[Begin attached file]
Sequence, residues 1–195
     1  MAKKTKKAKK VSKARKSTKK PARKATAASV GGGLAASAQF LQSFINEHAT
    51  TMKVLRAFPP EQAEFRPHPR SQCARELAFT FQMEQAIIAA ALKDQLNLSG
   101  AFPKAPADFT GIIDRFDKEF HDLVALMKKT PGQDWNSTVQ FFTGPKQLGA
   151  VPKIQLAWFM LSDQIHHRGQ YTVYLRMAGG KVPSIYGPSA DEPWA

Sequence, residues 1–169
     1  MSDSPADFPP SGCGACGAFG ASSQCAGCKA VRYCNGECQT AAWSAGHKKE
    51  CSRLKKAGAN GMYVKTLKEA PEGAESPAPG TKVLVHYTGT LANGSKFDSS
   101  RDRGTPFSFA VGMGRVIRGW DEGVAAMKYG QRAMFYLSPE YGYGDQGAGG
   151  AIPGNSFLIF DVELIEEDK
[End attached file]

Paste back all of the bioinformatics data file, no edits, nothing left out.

Sequence, residues 1–195
     1  MAKKTKKAKK VSKARKSTKK PARKATAASV GGGLAASAQF LQSFINEHAT
    51  TMKVLRAFPP EQAEFRPHPR SQCARELAFT FQMEQAIIAA ALKDQLNLSG
   101  AFPKAPADFT GIIDRFDKEF HDLVALMKKT PGQDWNSTVQ FFTGPKQLGA
   151  VPKIQLAWFM LSDQIHHRGQ YTVYLRMAGG KVPSIYGPSA DEPWA

Sequence, residues 1–169
     1  MSDSPADFPP SGCGACGAFG ASSQCAGCKA VRYCNGECQT AAWSAGHKKE
    51  CSRLKKAGAN GMYVKTLKEA PEGAESPAPG TKVLVHYTGT LANGSKFDSS
   101  RDRGTPFSFA VGMGRVIRGW DEGVAAMKYG QRAMFYLSPE YGYGDQGAGG
   151  AIPGNSFLIF DVELIEEDK